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Jewish World Review July 2, 2001 / 11 Tamuz 5761

Bill Schneider

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Dubya: Like father, like son? -- PRESIDENT BUSH may be one step away from becoming his father. That's the message of a poll reported last week in "The New York Times."

Bush ought to be riding high after the success of his tax cut, the education bill and his trip to Europe. In fact, the President's job rating is still fairly high -- 55 percent in the Gallup poll, 53 percent in the "New York Times"-CBS News poll. And he still draws positive favorability ratings. People like Bush.

The problem is that things are moving in the wrong direction. Instead of going up, they're going down. The "Times" reported that President Bush's standing in both domestic and international affairs has "diminished considerably'': his ratings as a strong leader, down five points since February; the view that he can be trusted to keep his word, down 8 points since April; approval of the way he is handling foreign policy, down 6 points since May.

Why is this happening? Three words: out of touch. President Bush has done pretty well with his agenda, but more and more Americans have come to believe that the President's agenda is not the American public's agenda. The evidence? The "Times"-CBS poll asked people, "Has President Bush concentrated on the problems that matter most to you?'' Over 60 percent said no -- he's concentrated on problems that matter most to his supporters.

Interestingly, in the same poll, 60 percent held the view that President Bush "cares about the needs and problems of people like yourself'' -- a finding backed up by the Gallup poll, which found 59 percent of the opinion that Bush "cares about the needs of people like you.'' The President is seen as "personally" compassionate. But personal compassion and a political compassion are two different things. The problem is that people do not believe the needs and problems of ordinary Americans drive his agenda. Something else does.

Ideology? Not exactly. The polls do not reveal many complaints that President Bush is too conservative. In the April Gallup poll, 35 percent called Bush's political views "too conservative'' compared with 41 percent who called them "about right'' and 16 percent "too liberal.'' Just ten percent told the "Times"-CBS interviewers that Bush's policies were more conservative than they expected them to be.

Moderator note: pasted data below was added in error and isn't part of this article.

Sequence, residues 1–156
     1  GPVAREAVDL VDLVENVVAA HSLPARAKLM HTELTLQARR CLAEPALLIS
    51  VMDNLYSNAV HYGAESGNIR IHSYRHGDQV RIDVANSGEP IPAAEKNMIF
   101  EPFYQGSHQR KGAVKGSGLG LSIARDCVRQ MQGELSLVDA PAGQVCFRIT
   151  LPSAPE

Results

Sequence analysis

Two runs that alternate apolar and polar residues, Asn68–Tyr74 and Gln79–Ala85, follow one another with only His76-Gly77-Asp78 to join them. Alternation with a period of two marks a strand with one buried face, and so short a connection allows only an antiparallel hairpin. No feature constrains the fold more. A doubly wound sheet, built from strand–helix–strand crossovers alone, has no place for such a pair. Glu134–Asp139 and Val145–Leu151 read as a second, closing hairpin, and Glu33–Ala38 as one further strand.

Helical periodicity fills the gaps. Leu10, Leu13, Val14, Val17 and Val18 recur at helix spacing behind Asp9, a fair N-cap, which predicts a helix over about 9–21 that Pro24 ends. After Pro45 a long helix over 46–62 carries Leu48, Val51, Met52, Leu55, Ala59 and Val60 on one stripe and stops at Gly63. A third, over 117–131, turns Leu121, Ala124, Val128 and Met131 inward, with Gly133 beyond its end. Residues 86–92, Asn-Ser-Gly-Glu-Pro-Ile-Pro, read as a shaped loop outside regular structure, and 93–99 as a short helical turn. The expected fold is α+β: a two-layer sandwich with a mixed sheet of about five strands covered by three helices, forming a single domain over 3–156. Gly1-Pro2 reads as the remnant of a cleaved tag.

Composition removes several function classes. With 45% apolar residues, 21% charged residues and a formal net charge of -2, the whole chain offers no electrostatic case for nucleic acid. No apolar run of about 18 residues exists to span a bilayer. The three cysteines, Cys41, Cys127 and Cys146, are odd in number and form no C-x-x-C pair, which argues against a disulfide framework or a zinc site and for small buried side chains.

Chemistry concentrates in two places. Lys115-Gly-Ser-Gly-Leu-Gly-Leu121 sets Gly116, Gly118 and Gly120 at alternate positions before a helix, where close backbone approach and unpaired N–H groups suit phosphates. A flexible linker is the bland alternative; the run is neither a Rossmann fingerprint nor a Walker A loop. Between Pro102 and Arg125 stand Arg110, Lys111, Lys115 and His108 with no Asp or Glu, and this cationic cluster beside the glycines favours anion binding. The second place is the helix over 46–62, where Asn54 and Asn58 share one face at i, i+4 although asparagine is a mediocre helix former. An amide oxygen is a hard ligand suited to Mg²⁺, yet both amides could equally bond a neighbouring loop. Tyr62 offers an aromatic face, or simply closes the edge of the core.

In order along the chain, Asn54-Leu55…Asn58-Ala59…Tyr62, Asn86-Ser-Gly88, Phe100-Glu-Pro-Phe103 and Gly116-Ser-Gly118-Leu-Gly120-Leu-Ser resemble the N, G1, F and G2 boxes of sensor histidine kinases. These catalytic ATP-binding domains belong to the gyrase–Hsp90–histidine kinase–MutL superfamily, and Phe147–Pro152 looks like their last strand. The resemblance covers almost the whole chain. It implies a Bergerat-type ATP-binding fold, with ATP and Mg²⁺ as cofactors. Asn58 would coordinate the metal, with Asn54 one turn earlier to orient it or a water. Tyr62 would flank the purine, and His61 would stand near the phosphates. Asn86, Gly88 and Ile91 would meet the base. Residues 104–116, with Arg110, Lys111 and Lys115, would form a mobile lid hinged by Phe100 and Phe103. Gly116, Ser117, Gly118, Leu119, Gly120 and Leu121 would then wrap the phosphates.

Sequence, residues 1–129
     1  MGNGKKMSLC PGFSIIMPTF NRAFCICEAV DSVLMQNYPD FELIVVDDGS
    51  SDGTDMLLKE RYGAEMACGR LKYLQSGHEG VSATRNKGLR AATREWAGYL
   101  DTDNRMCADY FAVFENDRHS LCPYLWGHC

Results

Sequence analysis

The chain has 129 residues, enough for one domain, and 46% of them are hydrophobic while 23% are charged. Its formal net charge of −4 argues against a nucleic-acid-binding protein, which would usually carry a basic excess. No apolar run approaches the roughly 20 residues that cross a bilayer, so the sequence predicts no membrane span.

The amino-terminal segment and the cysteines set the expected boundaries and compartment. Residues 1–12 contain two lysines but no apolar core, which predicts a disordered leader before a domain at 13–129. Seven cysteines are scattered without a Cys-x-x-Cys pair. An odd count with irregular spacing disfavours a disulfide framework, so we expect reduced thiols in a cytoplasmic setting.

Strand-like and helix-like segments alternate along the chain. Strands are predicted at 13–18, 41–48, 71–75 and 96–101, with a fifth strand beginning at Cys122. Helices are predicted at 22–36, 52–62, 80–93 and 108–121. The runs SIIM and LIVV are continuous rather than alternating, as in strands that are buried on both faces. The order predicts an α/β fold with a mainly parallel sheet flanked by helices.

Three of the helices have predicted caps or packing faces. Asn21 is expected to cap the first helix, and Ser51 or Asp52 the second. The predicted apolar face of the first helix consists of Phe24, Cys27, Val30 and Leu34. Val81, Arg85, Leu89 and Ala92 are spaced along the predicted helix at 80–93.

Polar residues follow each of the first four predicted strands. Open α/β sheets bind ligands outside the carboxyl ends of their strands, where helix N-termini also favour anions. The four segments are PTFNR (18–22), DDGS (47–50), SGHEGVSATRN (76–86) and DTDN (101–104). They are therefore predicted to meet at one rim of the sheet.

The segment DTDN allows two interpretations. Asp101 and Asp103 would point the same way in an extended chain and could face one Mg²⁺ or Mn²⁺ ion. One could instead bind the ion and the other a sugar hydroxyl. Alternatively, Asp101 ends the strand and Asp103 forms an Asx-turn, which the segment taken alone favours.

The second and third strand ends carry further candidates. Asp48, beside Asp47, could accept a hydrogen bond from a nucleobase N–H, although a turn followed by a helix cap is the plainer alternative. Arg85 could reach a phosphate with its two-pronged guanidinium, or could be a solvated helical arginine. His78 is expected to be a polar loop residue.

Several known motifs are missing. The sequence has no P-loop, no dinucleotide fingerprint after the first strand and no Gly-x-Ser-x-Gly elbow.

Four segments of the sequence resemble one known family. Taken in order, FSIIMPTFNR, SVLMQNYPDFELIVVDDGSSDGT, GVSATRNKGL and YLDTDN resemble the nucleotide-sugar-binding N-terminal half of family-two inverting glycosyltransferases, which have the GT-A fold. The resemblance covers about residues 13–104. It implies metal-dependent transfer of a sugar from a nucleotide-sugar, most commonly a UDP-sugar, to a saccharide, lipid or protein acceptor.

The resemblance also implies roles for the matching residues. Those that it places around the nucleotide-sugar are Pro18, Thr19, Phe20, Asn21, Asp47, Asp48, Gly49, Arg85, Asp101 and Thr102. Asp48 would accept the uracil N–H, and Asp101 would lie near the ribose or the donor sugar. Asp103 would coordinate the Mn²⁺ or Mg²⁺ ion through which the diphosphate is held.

The problem is the President's priorities. The public's top concerns right now are education, social security, energy, prescription drug costs and the patient's bill of rights. The Democrats wisely decided to work with the President on the education bill. All the others are issues that Democrats have been pushing. The public most clearly parts company with the President on energy and environmental issues, where his policies seem way of of step. The public gives priority to energy conservation over energy production. They believe the U.S. should abide by the Kyoto treaty on global warming, even if it does not require developing countries to share the burden and might harm the U.S. economy.

So what do people think is driving Bush's agenda? Not conservative ideology. Special interests. In the Gallup poll, Americans endorsed the view by better than two to one that big business has too much influence over the Bush Administration. In this month's "Times"-CBS poll, 57 percent said the President's policies favor the rich. Not the middle class (8 percent). Or the poor (2 percent). Or "all groups the same'' (27 percent). A lot of people see President Bush as a front man for the big money boys. That's why they believe he's out of touch.

On issue after issue, the public is closer to the Democrats' priorities than to those of President Bush. Over 80 percent of Americans favor increasing the minimum wage. Three quarters want Medicare to pay for the costs of prescription drugs for all beneficiaries, even if it raises Medicare costs and premiums. Two thirds want to guarantee patients in managed health care care plans the right to sue. A majority trusts Senate Democrats more than President Bush "to make the right decisions about who should sit on the United States Supreme Court.''

What's saving President Bush right now is that things are not so bad. Seventy percent of Americans say the economy's still in fairly good shape. While people have doubts about the President's skills as a world leader -- in the "Times"-CBS poll, a 44-to-37 percent plurality felt other world leaders do not have respect for Bush -- it doesn't matter too much because there's no international crisis.

Remember what happened to his dad? After the Gulf War in 1991, the elder President Bush was on top of the world. But when the economy went sour, he was seen as out of touch with ordinary Americans. That's the risk Republicans take when they elect a candidate born to wealth and privilege. This guy's had it easy all his life. What does he know about how ordinary people live?

Democrats can get away with electing someone born to wealth and privilege, like Franklin D. Roosevelt or John F. Kennedy. They're Democrats. But Republicans rarely take that risk. Dwight Eisenhower, Richard Nixon and Ronald Reagan all came from modest origins. The Bushes are the exception.

No one has ever called President Bush a striver. Everything in his life appears to have been handed to him by his rich friends. Including the presidency. He's been lucky. He's had it easy. Which means that what happened to his father could happen to him -- if things turn bad.

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06/15/01: The new soccer moms
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05/29/01: The War Between the States is heating up again
05/21/01: The answer is men
05/10/01: Bush v. Carter?


© 2001, William Schneider